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- Women's March for Unity draws 500 in Cortez
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By David Feela
Most people who believe in karma know that, like starlight, it often takes most of a lifetime to reach the individual who deserves it. Karma, for those of you who skipped the ’60s, is that quirky mystical approach to justice that occurs without the intervention of the police department or a lengthy court proceeding. Karma could save taxpayers money if the cosmos served up humanity’s just desserts a little more like fast food.
Pam and I witnessed a perfect example of karma as we drove back to Cortez along a recreational stretch of highway between Cañon City and Salida, but we may have inadvertently upset some kind of natural balance that is necessary for karmic harmony.
We finished our visit to Denver tangled in traffic, filling our idle time with jokes about good karma and my old VW Karman Ghia. Eventually we escaped the city and as I negotiated the more picturesque Arkansas River curves, a pickup truck suddenly pulled out in front of us.
I remember pumping the brakes hard, controlling my temper, and managing to say something neutral like, “Well, well, at least we’re moving slowly enough to enjoy the scenery.”
“But look,” Pam said, pointing toward a shiny object as it slipped off the back of the accelerating pickup. “That must be the fastest karma I’ve ever seen.”
I pulled to the shoulder, then backed up to the spot where the object came to rest. I opened my door and picked it up: just a wristwatch, and a cheap one at that.
Now let me get this part straight, because I don’t want to get sued: The real Nick Nolte may know nothing about what happened next.
We saw the same truck parked on the shoulder not more than a mile up river. A man hobbling across the gravel, as if the earth was a bed of hot coals. He must have been searching for a better fishing hole and this new spot meant another chance for him — a place to redeem himself in the river of time, to improve his judgment, to cast for better things. (Remember: I’m just speculating here.)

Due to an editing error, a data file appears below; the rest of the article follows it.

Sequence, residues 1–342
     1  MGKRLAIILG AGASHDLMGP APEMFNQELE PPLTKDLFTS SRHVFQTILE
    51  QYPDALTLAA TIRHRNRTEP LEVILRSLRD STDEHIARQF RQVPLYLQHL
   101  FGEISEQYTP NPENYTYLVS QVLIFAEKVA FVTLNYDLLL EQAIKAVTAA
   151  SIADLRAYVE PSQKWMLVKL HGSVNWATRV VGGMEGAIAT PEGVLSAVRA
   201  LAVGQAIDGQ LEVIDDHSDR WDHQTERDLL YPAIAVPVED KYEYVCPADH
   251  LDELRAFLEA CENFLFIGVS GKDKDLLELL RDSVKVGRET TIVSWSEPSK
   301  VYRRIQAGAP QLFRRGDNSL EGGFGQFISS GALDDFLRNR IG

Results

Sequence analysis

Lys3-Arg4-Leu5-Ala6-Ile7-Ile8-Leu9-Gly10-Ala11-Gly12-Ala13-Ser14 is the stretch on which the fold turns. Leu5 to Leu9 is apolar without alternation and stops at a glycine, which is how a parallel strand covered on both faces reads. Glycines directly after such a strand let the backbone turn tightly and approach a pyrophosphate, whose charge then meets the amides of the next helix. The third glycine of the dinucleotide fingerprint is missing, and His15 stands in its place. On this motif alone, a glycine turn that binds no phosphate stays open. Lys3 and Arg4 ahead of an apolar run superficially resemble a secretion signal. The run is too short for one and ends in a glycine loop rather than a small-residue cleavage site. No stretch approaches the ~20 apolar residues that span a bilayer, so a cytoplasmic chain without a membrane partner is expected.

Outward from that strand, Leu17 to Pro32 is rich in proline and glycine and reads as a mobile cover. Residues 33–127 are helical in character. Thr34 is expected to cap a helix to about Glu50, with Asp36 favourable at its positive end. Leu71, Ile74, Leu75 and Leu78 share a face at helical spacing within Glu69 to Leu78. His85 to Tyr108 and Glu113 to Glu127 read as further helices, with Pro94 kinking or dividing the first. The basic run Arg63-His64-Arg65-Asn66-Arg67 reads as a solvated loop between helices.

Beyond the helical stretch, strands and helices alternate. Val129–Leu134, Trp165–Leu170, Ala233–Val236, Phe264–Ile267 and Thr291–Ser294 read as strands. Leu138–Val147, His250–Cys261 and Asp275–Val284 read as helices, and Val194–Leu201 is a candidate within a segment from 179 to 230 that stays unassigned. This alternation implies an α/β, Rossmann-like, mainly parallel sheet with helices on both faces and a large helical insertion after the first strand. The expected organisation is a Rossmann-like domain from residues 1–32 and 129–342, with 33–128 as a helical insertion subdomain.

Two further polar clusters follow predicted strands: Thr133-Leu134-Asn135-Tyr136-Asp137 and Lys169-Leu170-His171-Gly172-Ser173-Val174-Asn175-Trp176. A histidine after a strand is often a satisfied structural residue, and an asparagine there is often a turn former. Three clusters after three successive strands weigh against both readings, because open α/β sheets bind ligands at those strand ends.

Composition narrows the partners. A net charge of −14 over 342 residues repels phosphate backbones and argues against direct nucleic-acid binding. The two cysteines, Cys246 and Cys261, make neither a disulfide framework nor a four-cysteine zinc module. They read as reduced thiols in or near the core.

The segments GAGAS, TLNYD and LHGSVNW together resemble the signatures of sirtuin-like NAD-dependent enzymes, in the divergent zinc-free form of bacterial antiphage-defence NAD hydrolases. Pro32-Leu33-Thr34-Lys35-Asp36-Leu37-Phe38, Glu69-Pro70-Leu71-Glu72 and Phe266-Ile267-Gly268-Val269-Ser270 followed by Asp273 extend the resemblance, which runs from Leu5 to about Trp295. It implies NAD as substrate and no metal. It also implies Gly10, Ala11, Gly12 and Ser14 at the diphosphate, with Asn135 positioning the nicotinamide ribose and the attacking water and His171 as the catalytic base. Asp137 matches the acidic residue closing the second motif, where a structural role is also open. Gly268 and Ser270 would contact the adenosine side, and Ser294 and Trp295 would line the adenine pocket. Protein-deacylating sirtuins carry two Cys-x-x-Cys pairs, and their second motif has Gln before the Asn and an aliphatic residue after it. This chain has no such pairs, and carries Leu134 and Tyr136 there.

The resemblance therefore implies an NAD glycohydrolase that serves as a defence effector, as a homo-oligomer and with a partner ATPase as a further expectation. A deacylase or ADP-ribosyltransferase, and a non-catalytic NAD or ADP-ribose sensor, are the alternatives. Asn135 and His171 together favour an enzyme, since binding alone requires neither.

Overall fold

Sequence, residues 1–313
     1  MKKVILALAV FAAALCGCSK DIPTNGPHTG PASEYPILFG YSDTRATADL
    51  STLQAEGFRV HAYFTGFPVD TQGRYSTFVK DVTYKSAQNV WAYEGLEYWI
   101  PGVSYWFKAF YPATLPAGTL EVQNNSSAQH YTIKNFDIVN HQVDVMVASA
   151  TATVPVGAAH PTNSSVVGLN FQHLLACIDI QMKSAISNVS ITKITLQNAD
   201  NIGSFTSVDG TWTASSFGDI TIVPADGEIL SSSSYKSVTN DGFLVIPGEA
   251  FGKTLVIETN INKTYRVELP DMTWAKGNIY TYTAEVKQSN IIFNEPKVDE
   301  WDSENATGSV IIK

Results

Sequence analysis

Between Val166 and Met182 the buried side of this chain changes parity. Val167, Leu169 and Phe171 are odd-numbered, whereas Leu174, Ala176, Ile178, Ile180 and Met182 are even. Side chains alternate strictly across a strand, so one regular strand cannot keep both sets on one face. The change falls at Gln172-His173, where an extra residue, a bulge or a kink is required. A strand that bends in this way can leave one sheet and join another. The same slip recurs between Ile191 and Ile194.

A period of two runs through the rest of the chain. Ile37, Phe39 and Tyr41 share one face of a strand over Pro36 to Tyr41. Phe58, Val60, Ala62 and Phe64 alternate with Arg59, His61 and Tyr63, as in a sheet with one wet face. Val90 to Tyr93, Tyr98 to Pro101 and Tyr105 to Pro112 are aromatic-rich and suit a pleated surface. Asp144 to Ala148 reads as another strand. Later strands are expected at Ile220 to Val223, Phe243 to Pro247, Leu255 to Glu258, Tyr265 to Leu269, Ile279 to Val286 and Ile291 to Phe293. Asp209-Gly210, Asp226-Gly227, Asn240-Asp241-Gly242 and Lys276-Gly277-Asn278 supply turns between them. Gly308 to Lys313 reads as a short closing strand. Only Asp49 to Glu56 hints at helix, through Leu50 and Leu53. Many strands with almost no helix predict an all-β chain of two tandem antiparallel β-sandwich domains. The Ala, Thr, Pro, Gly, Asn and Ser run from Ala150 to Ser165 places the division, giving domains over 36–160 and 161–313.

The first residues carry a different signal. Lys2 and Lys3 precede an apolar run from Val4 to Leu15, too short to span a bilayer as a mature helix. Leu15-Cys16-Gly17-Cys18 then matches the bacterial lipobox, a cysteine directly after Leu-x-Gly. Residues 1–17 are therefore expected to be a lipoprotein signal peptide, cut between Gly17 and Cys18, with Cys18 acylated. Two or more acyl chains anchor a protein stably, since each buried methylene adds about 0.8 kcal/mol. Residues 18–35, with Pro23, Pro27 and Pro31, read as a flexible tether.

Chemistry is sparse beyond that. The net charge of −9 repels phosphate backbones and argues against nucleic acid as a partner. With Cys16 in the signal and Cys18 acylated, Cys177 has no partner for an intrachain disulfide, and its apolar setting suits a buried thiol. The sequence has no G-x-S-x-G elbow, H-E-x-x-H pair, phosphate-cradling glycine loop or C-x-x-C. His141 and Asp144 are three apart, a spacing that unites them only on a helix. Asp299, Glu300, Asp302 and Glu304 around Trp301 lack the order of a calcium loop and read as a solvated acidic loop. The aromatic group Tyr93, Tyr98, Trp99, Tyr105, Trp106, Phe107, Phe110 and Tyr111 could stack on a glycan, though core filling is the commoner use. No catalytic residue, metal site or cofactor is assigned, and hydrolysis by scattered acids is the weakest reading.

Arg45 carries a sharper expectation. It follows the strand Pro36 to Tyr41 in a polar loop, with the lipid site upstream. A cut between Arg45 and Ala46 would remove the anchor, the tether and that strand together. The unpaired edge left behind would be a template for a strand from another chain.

I pulled over once more and Pam rolled the window down. “Excuse me,” she called. The man limped closer to our car. “This wristwatch fell off your truck back there when you pulled out.”
The man gave us a huge Hollywood grin, teeth shining like the lights of a boulevard marquee. I swear, he looked just like Nick Nolte, but I didn’t say anything, sympathetic to the possibility that some people are obliged to spend their lives looking like somebody else.
“Well, I’ll be,” he replied. “I keep losing these watches. That’s about the 15th one I’ve bought.” We both giggled appreciatively, sensing this was a moment.
We stared at him; he stared at his watch. Then he leaned closer to the open window and looked into the car. “I’ll remember you two,” he crooned, as if delivering an Academy Award performance.
He was good. And we believed him in that flicker of sunlight beside a backdrop of the Arkansas River, because everything about this encounter was unreal. Movie stars are encouraged to tell lies without ever being held accountable.
Don’t get me wrong: we didn’t mind being lied to by Nick Nolte; in fact, we laughed about it all the way home.
When we stopped for gas and told an attendant about the incident, he informed us that Nolte, in fact, did own a ranch somewhere in the vicinity.
I still don’t know if we actually returned Nick Nolte’s wristwatch, but it doesn’t matter. I just hope whoever he was doesn’t get the idea that driving recklessly as he did will always be rewarded.
David Feela is a teacher at Montezuma-Cortez High School.